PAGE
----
and of adequate size for the purposes intended.

(3) Where natural ventilation is provided by windows or sky lights which have to
be darkened or obscured free permanent top ventilation shall be arranged by
means of ridge or ceiling ventilators. The clear opening of such ventilators
shall not be less than one square foot for every ten persons than can be
accommodated.


(4) If more than one exhibition is given on any day the whole of the auditorium
shall be flushed with air for at least fifteen minutes before each exhibition,
no spectators being permitted to remain or be in the auditorium during any part
of this period.
15. Ventilation:

(1) The buildings shall be provided with efficient means of ventilation, direct
to the open air at the rate of not less than 25 cum/person/hour.

(2) Unless the auditorium is air-conditioned the means of ventilation shall take
the form of natural ventilation and power driven exhaust fans suitably located
and of adequate size for the purpose intended.

(3) Where natural ventilation is provided by windows or skylights which have to
be darkened or obscured free permanent top ventilation shall be arranged by
means of ridge or ceiling ventilators. The clear openings of such ventilators
shall not be less than 0.93 sq. m (1 sq. ft.) for every ten persons that can be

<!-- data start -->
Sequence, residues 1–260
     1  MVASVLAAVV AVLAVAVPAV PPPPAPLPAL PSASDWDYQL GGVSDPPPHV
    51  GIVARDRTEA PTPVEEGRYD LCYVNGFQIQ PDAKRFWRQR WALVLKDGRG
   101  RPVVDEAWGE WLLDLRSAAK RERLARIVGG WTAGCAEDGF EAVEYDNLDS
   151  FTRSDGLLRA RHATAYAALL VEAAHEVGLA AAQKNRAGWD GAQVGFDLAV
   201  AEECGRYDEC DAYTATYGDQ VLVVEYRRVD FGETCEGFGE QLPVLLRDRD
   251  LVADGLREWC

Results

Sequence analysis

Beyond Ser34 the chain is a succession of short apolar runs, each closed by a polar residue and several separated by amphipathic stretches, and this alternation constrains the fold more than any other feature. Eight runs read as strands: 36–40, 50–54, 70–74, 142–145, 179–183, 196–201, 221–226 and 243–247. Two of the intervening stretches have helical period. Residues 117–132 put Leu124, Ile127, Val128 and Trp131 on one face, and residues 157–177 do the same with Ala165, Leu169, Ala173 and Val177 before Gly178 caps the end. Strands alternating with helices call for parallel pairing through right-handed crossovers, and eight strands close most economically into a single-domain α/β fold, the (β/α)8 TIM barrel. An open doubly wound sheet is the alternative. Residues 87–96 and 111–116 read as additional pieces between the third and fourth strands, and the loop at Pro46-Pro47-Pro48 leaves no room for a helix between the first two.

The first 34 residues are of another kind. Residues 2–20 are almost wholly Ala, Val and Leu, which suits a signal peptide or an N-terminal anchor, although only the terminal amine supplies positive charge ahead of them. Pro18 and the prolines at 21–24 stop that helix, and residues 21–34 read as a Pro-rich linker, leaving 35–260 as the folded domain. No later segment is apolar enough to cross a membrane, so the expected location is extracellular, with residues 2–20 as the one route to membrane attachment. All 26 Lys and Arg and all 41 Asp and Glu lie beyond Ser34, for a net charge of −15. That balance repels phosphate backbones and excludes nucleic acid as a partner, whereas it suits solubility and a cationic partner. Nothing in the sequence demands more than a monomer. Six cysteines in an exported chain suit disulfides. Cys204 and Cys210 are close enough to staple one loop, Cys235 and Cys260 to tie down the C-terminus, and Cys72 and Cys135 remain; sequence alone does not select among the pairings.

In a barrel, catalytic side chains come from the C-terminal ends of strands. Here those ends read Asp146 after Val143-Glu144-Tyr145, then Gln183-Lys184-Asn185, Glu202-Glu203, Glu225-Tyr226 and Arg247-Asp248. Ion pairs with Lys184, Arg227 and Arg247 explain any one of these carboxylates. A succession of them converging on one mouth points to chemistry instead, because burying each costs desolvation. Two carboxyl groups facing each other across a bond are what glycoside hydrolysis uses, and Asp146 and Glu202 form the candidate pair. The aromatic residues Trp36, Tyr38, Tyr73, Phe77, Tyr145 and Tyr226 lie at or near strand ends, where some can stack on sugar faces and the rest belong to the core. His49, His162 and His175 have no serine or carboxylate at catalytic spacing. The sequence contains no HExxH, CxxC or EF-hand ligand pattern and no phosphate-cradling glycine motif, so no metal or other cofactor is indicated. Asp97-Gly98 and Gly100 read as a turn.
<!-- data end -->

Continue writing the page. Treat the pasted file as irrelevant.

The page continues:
accommodated.

(4) If more than one exhibition is given on any day the whole of the auditorium
shall be flushed with air for at least fifteen minutes before each exhibition,
no spectators being permitted to remain or to be in the auditorium during any
part of this period.
15. Parking arrangements:



(1) Such arrangements shall be made for the parking of motor cars and other
vehicles in the vicinity of the buildings as the licensing authority may
require.

(2) No vehicle shall be parked or allowed to stand in such a way as to obstruct
exits or impede the rapid disposal of the persons accommodated in the building
in the event of fire or panic.


16. Fire precautions:

(1) Fire extinguishing appliances suitable to the character of the building and
of a pattern, class and capacity approved by the licensing authority shall be
provided as prescribed by him; these appliances shall be disposed to his
satisfaction so as to be readily available for use in case of fire in any part
of the building.

(2) There shall always be sufficient means of dealing with the fire readily
available within the enclosure and these shall include a damp blanket, a portale
chemical fire extinguisher and two buckets of dry sand.

(3) All fire fighting extinguishing appliances shall at all times be maintained
in proper working order and available for instant use, and all chemical fire
extinguishers shall be capable of withstanding a pressure of not less than 250
lbs. square inch.

(4) During an exhibition all fire extinguishing appliances shall be in charge of
some person or persons specially appointed for this purpose. Such persons need